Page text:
He’s excited to continue his work when he begins his residency.

“I also helped out at Walter Reed with some projects there looking at different clinical outcomes after total knee replacement,” he says. “It has been pretty rewarding to begin research at my new institution.”

A desire to serve

Smyth’s decision to join the Navy has its origins in his family’s move to the United States from Canada just before he was born.

“Since my family moved to the U.S., I've had a deep-seated appreciation for all the opportunities that have been given to me here,” he says. This translated to a desire to serve and give back.

Smyth’s older brother attended medical school through the Health Professions Scholarship Program. Smyth decided to pursue the scholarship as well.

“I found it a good way to not only pay for medical school but also a way to serve at the end of the day and in a profession that I find very rewarding,” Smyth says.

Experiencing military medicine at Walter Reed National Military Medical Center, Naval Medical Center Portsmouth, and Naval Medical Center San Diego during his fourth-year away rotations helped Smyth reconnect with the reasons he decided to go to medical school in the first place.


Anthony Smyth (left) with brother Lieutenant James Smyth, MD, at Naval Medical Center Portsmouth.

“I experienced how our role as physicians impacts soldiers and their families, and it invigorated in me the passion I had from day one of medical school,” Smyth says. “I want to be able to thrive while I'm in residency so I can become the best possible surgeon for soldiers and their families in the future.”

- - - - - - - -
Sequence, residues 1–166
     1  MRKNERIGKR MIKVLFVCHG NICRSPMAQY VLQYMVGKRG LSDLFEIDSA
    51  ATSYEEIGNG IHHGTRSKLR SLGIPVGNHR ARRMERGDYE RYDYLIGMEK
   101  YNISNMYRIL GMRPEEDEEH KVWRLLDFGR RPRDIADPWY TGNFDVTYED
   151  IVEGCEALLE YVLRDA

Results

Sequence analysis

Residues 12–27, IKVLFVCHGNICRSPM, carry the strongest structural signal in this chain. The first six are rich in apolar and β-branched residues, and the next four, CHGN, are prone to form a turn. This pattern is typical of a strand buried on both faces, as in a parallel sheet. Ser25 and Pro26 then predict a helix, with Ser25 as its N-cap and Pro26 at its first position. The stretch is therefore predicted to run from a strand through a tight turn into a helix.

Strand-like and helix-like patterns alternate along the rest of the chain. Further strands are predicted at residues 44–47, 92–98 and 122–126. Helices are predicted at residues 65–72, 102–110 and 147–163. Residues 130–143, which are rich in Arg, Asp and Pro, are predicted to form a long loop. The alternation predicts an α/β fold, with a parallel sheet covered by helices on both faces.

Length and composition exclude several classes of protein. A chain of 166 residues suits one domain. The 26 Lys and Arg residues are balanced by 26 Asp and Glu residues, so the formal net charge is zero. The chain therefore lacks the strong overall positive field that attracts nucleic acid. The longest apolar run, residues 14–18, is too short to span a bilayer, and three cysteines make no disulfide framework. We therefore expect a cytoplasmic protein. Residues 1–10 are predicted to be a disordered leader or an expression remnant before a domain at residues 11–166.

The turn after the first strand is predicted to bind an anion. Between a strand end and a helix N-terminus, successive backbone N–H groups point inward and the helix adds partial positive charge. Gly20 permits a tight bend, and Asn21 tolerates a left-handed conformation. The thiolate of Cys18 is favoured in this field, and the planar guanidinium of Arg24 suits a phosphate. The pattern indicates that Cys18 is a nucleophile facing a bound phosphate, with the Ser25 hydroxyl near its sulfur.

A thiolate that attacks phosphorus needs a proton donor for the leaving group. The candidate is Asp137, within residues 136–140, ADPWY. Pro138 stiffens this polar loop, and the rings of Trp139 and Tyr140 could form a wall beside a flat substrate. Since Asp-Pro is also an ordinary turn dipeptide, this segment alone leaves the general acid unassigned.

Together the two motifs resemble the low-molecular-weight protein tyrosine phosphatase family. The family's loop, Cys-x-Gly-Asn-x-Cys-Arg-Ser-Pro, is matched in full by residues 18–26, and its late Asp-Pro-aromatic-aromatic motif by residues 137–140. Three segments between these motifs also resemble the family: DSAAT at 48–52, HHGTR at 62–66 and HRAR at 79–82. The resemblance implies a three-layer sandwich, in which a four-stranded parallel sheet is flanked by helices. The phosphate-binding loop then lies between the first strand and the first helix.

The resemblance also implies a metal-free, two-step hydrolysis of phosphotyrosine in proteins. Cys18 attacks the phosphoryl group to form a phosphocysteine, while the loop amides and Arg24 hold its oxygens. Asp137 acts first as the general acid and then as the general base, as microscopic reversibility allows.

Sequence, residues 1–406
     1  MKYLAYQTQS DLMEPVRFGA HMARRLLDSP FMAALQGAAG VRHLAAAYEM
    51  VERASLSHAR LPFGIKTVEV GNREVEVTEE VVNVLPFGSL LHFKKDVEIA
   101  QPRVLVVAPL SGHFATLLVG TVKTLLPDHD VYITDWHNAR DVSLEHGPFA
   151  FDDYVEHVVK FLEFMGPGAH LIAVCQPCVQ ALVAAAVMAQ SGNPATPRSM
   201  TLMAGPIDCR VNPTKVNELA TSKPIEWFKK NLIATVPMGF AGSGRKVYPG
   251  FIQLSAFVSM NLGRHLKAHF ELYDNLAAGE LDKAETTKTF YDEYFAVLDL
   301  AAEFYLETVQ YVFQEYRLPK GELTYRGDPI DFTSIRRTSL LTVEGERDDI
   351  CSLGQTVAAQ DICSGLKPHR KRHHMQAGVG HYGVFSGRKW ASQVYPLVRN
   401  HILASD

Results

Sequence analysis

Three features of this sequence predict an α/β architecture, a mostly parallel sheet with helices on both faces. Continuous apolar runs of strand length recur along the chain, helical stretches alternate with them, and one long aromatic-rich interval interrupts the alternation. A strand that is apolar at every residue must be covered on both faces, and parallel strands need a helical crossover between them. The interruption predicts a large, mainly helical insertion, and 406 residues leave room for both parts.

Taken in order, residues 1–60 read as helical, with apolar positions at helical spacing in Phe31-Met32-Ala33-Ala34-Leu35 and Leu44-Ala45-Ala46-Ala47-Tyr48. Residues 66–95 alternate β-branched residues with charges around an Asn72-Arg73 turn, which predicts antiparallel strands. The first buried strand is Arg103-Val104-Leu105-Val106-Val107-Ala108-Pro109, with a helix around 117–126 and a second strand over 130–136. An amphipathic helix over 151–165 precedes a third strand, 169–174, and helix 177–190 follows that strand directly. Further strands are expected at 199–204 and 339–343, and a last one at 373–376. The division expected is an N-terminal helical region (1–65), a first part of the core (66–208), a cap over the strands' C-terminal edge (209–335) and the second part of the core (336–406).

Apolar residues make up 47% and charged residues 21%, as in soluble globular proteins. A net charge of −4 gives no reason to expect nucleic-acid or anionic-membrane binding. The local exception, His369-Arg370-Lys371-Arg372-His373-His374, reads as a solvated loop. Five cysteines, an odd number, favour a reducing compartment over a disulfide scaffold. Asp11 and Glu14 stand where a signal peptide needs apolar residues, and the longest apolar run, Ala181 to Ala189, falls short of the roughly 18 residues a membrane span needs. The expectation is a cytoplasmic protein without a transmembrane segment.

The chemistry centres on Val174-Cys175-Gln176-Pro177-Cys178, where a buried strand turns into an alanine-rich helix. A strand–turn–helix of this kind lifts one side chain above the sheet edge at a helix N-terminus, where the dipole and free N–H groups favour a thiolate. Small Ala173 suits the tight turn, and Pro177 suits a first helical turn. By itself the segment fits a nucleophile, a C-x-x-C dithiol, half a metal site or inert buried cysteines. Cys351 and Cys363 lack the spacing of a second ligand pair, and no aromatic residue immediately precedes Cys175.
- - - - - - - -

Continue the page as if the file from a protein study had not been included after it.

A community of support

When Smyth reflects on the people who have helped him get to where he is, the first name that comes to mind is his wife, Claren Smyth.

“It's not so much that I've been to medical school, but that we have been through medical school,” Smyth says.

His wife was always at his side, from traveling with him throughout the country for rotations, to handling the many responsibilities during his clinical year when he’d leave at 5 a.m. and not return until after dinner.

“Claren has been my rock that has supported me throughout all of this, and I hope I can pay it back to her one day,” Smyth says. He also thanked his parents and in-laws for their support throughout the process.


Anthony Smyth with his wife, Claren Smyth.

Along with his family, Smyth reflected on the mentors at CU that were major influences on his time in medical school. He appreciated the support of his advisor, Frank Scott, MD, professor of orthopedics, and Eric McCarty, MD, professor of orthopedics.

“Dr. Scott has been instrumental in in helping develop my application to orthopedics,” Smyth says. “And Dr. McCarty always had my back and he’s supported me through every challenge.”

One of the biggest challenges for Smyth, and something he describes as one of the most challenging years in his life, was his transition from the classroom to his clinical rotations at the CU School of Medicine Colorado Springs Branch.

“There are so many times in medical school where you feel like you know absolutely nothing and everyone around you knows so much more, but the way that the faculty instilled in us the confidence to be able to go into the clinical setting and perform was unlike any other type of support I've received throughout my academic life,” Smyth says. “I really appreciate the support of Dr. Jamie Baker (MD) and the rest of the staff.”

Along with mentorship from doctors, Smyth said his classmates and colleagues contributed to his success.

“I think my friends in this class are some of the most accomplished people I've ever met in my life, and I would not be here without them today,” Smyth says.